Lisburn street revealed to have the fastest broadband in Northern Ireland

According to analysis of 276,083 consumer speed tests collated by Uswitch.com, the comparison and switching service, a street in Lisburn had the fastest broadband speed in Northern Ireland,

But on the other hand, another part of the city has one of the slowest speeds in the country.

In Northern Ireland’s fastest street, Old Ballynahinch Road in Lisburn, average download speeds reached 708Mbps over the past year but in Meeting House Road, Ballinderry Upper, speeds only reached a sluggish 5.67Mbps, making it the ninth slowest in Northern Ireland.

Old Ballynahinch Road is 144Mbps quicker than last year’s fastest street, showing the improvements in ultrafast broadband infrastructure across Northern Ireland with the rollout of full fibre broadband.

It is also a staggering 1,200 times faster than the slowest street in the country, Ringhaddy Road in Killinchy.

For the unfortunate residents of Ringhaddy Road suffering slow speeds, it would take more than 19 hours to download a two-hour HD film. By contrast, the people of Old Ballynahinch Road could download the same film in just 58 seconds.

The slowest and fastest UK streets have been revealed through the analysis of 276,083 speed tests run by broadband users over the last year. The number of speed tests is up 124% on 2019’s tally of 122,845, with the dramatic rise suggesting that consumers have been paying closer attention to the performance of their home broadband since the start of the pandemic.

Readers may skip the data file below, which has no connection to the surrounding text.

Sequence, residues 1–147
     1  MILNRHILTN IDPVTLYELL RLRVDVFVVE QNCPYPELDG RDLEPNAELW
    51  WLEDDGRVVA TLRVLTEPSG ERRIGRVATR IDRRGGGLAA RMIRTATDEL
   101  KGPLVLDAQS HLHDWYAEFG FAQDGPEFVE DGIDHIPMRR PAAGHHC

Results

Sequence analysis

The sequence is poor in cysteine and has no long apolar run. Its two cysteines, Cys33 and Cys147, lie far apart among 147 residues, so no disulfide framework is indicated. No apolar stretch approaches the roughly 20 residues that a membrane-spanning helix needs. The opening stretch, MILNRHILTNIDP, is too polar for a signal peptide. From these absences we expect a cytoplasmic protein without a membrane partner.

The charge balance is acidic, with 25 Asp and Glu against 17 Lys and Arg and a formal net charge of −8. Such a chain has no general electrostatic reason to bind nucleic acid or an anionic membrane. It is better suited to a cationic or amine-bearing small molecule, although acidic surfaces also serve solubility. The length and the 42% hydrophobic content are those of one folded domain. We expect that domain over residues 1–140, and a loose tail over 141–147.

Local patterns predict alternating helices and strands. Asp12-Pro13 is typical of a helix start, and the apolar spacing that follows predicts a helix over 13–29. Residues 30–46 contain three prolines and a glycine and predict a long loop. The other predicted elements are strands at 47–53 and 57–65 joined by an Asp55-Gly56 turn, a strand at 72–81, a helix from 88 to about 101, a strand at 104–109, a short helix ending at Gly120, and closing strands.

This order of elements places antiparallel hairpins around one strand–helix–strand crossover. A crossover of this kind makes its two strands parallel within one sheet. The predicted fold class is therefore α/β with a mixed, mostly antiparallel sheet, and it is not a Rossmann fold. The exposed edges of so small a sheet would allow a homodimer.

Ernest Doku, broadband expert at Uswitch.com, said: “Northern Ireland’s broadband keeps getting quicker every year, but parts of the country continue to be left behind.

“At a time when so many of us rely on our broadband for work, streaming films and TV, and gaming, it’s not hard to imagine how frustrating such a slow connection must be.

“It’s great to witness the increased uptake of ultrafast broadband, but we don’t want to see large swathes of the country left behind on shoddy connections that aren’t cutting it for modern life.

“Initiatives like the Universal Service Obligation and Project Gigabit are helping improve connections at both ends of the spectrum, but there is a lot more to be done so consumers don’t get left behind.

“Of the UK’s ten slowest streets, nine could have access to faster broadband, so we urge residents there — and anyone else unhappy with their broadband speeds — to do a quick search online to see what speeds they could be getting with another provider.”

Anyone frustrated with their broadband service can test what speed they’re getting at www.uswitch.com/broadband/speedtest